Power of a punch depends on your brain, not muscles

Power of a punch depends on your brain, not muscles

Power of a punch depends on your brain, not muscles

How powerful your punch is does not depend on the strength of your muscles but the make-up of your brain, according to a new study.

Researchers from Imperial College London and University College London found that the make-up of the brain is the key to determining how much force is generated when somebody punches at close range, the Telegraph reported.

The study compared karate black belts trained to punch with physically fit members of the public and found the brain’s white matter - which acts as the connections between brain regions - correlated directly with punching ability.

They concluded the power of a punch is not down to the strength of muscles but the timing, with synchronised movement between the wrist and shoulders essential.

While it is not yet certain whether differences in white matter were the cause or effect of successful punching, scientists suspect the brains of those who can punch changed and developed as a result of training. The study used 12 karate black belts with an average of 13.8 years experience, who were fitted with infrared markers on their arms and torso.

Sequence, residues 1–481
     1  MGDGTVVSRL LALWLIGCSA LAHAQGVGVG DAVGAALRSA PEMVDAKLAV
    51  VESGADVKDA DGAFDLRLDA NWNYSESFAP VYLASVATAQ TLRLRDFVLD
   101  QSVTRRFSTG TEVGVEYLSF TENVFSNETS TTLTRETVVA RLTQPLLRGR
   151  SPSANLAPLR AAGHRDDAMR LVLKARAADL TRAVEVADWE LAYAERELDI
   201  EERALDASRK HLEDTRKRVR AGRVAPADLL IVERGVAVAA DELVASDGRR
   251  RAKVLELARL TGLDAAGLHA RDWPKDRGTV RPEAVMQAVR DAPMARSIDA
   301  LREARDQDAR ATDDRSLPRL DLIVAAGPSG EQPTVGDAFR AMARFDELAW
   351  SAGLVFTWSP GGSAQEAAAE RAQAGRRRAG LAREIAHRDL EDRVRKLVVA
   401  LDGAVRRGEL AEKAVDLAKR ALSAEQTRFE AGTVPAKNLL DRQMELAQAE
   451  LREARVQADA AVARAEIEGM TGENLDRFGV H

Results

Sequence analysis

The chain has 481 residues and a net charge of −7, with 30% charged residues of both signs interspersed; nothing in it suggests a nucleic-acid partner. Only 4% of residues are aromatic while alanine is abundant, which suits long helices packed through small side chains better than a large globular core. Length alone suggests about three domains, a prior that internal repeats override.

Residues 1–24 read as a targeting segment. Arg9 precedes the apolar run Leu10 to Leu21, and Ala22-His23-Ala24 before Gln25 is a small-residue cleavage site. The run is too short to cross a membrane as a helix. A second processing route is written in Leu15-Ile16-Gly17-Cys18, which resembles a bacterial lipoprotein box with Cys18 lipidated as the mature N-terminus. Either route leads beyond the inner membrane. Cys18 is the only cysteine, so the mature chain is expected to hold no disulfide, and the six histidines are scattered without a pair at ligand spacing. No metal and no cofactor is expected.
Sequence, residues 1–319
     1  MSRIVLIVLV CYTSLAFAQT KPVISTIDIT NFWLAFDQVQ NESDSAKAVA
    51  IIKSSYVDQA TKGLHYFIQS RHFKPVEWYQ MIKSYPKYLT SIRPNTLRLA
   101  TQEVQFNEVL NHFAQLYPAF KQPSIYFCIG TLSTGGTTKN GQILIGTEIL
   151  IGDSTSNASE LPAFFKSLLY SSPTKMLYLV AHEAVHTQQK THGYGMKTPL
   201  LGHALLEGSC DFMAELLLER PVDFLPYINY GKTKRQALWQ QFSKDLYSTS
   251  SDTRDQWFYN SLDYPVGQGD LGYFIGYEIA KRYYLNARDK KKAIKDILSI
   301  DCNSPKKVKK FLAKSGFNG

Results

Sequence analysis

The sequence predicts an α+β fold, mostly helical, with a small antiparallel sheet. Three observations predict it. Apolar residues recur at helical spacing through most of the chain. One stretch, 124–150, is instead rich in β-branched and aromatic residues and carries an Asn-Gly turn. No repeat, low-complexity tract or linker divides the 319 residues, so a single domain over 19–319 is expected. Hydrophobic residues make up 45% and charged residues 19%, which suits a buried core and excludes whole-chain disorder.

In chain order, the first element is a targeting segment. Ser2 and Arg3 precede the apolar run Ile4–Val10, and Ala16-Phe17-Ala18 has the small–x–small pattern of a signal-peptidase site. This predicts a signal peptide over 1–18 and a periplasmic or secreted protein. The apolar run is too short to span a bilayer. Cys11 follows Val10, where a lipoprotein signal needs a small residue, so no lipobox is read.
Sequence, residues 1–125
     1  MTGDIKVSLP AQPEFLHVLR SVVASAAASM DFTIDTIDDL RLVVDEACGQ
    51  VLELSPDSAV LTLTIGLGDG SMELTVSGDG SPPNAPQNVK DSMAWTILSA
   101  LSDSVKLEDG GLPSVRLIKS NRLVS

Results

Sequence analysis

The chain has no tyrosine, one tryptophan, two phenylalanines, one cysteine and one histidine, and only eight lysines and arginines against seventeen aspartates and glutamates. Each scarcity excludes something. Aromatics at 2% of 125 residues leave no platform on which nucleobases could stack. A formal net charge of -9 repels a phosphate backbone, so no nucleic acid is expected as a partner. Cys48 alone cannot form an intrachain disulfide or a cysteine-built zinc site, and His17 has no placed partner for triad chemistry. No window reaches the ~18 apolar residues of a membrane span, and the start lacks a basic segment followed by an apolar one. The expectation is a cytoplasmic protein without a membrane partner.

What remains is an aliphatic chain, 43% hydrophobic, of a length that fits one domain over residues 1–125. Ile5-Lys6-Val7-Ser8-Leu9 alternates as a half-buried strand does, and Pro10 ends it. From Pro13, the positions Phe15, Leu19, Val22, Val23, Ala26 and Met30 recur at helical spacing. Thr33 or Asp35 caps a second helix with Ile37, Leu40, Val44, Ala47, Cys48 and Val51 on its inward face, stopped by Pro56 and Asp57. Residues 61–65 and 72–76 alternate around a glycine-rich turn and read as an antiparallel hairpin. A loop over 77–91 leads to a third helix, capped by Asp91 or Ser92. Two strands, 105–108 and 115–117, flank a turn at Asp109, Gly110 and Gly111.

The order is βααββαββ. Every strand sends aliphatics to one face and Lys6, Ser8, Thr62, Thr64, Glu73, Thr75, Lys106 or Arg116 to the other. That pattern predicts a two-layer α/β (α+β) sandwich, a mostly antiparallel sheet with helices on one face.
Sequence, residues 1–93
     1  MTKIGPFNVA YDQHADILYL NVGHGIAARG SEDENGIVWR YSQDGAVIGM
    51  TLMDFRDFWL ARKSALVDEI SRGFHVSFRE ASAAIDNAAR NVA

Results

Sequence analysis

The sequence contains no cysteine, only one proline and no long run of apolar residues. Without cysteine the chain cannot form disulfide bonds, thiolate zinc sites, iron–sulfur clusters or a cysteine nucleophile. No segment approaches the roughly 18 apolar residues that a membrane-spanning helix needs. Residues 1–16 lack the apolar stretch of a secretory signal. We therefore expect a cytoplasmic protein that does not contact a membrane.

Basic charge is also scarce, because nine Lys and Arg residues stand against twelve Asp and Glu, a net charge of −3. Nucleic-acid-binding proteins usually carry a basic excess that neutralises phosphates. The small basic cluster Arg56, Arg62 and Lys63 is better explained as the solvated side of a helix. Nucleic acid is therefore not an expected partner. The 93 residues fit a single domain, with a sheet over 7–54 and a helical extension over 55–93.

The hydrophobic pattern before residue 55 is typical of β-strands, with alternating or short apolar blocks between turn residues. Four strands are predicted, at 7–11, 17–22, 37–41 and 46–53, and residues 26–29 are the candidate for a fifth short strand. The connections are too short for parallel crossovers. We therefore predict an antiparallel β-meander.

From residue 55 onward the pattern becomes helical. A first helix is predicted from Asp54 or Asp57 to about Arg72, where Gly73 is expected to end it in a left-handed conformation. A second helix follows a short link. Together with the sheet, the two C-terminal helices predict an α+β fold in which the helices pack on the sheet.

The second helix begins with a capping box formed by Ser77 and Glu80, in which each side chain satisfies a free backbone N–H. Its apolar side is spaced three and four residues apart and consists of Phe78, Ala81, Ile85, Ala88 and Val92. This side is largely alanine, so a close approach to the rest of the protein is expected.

Their results were then compared with the efforts of 12 control subjects of similar age, who exercised regularly but were not trained in martial arts. Over a short range distance of 5 cm, those who had black belts in karate were found to punch harder.

Brain scans on each group revealed the white matter in cells, mainly made up of bundles of fibre that carry signals, were different in structure.

The scans used in this study, known as diffusion tensor imaging (DTI), detected structural differences in the white matter of the cerebellum and the primary motor cortex, known to be involved in controlling movement.

The difference correlated not only with the synchronicity between wrist and shoulder movements when punching, but also the age at which karate experts began training and their total experience of the discipline.

It suggested that the structural differences in the brain are related to the black belts’ punching ability.